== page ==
A boy on the bus

“At least 15 people are dead after a crash between a tractor-trailer and a bus carrying a Canadian junior hockey league team, a tragedy that struck at the heart of a tightknit city in rural Saskatchewan and immediately echoed through the hockey world and beyond.”

– Washington Post, April 8, 2018

The bus was always my safe place. Well, all cars were and still are. I wasn’t born in a car even though it sometimes feels like it. From the day I was born, I’ve spent so much time in cars, reading, sleeping, talking, eavesdropping, eating, counting other cars, and being bored that cars have become my second home. 

Early on, my hockey bus trips were mostly short and infrequent. Maybe we took a bus to a camp four hours away, once a season, maybe not even that.

Back then, we mostly just played cards or read. There were no video games or even videos to watch. So we chatted and joked around and listened to music – if the driver was nice enough to put some on. Our parents were also on the bus, sitting in the front while the boys in the back of the bus, doing their thing. 

When I was sixteen, my team qualified for a nationwide league, so that we had away games hours from our hometown in the middle of the week, but by then, we also had walkmans and videos with us. Dad, who was the manager of an electronics store, had arranged for us to have a VCR and a TV on the bus. He had also cut a deal with the local video store so that we always had a couple of movies on the bus. 

We stacked a couple of hockey bags in the front, put the VCR on the hat rack, plugged it to the TV that was sitting on the hockey bags, gave the pile a shake to see if it held, and when it did, pressed play and leaned back.

We only had that one TV set, though, so you had to sit in the three, four rows in front of the TV to be able to see the movie which was just as well, because half the team was in the back playing cards anyway.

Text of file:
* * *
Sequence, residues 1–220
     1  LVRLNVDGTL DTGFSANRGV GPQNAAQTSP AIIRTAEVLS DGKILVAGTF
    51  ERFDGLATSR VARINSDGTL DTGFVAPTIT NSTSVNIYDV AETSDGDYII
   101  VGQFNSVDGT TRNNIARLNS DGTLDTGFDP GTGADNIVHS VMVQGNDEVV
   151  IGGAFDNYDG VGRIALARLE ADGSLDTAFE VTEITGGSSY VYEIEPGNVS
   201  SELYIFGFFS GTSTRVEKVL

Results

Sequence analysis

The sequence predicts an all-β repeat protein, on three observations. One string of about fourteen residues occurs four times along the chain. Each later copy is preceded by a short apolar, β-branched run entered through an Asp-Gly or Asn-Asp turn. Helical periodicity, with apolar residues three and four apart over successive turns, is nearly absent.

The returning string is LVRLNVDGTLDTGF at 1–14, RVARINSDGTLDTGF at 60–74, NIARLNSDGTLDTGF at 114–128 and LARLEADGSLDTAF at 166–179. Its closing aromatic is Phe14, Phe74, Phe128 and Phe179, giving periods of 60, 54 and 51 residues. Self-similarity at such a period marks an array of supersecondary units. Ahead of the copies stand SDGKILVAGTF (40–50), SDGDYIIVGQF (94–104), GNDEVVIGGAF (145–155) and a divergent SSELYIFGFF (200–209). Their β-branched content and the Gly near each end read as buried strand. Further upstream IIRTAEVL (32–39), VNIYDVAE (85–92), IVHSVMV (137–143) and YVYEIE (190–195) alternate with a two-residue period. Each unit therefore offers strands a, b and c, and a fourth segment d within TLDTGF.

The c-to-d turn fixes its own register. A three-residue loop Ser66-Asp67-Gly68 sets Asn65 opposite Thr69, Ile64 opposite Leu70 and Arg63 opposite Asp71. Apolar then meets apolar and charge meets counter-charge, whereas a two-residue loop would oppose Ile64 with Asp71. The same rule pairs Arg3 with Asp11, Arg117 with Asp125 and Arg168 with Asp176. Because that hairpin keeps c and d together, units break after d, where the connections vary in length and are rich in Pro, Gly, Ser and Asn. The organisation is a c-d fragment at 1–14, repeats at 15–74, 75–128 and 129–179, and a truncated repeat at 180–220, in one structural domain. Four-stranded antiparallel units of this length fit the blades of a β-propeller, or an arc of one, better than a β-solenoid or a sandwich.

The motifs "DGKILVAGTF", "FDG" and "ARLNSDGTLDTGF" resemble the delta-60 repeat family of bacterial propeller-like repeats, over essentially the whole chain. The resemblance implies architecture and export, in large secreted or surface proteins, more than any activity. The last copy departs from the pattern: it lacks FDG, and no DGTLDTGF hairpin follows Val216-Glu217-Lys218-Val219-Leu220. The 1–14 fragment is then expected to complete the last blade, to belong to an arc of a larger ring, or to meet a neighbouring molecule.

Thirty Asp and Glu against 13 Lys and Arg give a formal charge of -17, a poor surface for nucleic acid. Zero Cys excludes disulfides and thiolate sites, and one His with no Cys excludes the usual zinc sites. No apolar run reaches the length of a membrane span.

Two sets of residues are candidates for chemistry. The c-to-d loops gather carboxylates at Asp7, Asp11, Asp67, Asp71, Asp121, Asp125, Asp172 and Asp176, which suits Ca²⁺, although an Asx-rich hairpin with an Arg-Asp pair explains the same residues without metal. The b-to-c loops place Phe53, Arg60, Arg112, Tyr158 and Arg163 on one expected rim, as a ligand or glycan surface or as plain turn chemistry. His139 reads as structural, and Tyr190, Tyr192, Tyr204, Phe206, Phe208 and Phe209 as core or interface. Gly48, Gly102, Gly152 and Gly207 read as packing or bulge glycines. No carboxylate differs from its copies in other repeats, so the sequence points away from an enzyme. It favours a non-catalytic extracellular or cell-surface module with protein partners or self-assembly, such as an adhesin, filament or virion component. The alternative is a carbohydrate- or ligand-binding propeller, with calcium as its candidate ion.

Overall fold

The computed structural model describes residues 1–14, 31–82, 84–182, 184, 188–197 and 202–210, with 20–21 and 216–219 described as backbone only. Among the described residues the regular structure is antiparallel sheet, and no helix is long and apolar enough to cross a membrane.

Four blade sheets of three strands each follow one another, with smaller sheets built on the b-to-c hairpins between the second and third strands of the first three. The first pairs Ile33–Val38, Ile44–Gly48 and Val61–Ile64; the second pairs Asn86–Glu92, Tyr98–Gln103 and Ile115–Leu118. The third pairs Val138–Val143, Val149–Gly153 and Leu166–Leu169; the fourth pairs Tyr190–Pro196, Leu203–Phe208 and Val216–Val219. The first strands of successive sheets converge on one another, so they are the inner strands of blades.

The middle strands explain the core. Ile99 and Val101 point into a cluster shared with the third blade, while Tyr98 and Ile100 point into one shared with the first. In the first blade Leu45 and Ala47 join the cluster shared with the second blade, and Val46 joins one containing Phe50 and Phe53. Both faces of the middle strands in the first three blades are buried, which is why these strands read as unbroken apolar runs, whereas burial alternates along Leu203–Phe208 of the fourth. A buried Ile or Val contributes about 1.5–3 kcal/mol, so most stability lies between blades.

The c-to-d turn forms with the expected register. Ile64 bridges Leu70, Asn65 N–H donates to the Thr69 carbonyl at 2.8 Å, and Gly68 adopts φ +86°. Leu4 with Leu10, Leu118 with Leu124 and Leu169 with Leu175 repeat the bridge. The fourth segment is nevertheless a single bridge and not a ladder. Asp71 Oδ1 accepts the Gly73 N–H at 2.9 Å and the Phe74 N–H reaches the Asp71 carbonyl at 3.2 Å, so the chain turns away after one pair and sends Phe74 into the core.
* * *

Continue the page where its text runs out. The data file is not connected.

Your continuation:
On the first trips, when we were younger, there was a lot of UNO going on, but when we reached our teens, the games turned into poker, but with the smallest stakes possible. We played for small change, Finnish 20p and 50p coins partly because that was all we had and partly because our coach didn’t want anyone to get too upset about losing a lot of money before a game. On our way back, they didn’t care as much. 

Sometimes, I’d be lying on my back on the two seats, reading a book, my feet dangling over the aisle. Sometimes I’d be reading for fun, other times I studied for an exam. 

On many trips, as we got closer to our destination, the rink, I listened to my mixtapes, some – but not all of them – carefully designed to get me pumped for the game. In hindsight, some of my song choices seem somewhat peculiar, or at least surprising. Such as ‘Moonlight Shadow’ by Mike Oldfield, or Sheena Easton’s Bond theme song ‘For Your Eyes Only’. 

After so many years, most of the trips have morphed into one in my mind. I don’t remember which movie I saw on which trip, or where we traveling to when I won big with a royal flush. I don’t have vivid memories of the books I read, the homework I did, the sandwiches I ate, the jokes we made, the laughs we had, or even who brought Donkey Kong along – except for the fact that they all were there, and that all that happened.

The bus was always my safe place. 

Even when it wasn’t my happy place.  

One of my last road trips was also one of the longest ones on our schedule, to the west coast of Finland. The game had been a disaster for me. I hadn’t played much, and I didn’t like coach – there may have been a causal connection – and on our way home in the middle of the night, I sat by myself and listened to music, mulling things over.

Instead of a Bryan Adams album or one of those hockey mixtapes, I spent the entire trip home listening to a Twisted Sister tape Terry had left behind when he went back to Canada, and most of it listening to just one song on it. ‘The Price’.

I played the song, and then rewound the tape. I listened to the song, rewound the tape, over and over again, listening to the lyrics and wondering why I had never heard such a great song even though I had had the tape for more than a year. 

How long I have wanted
This dream to come true
And as it approaches
I can’t believe I’m through
I’ve tried, oh
How I’ve tried
For a life, yes a life
I thought I knew

Oh, it’s the price we gotta pay
And all the games we gotta play
Makes me wonder if it’s worth it to carry on.

I always took pride in being at school in the morning, no matter how late we came back from a road trip so the next morning, at 8am, like a moonlight shadow, I walked into the classroom as usual. 

But at 2am, a voice inside my head said, “maybe it’s time for you to do something else.”

I got off the bus.

How does that make you feel?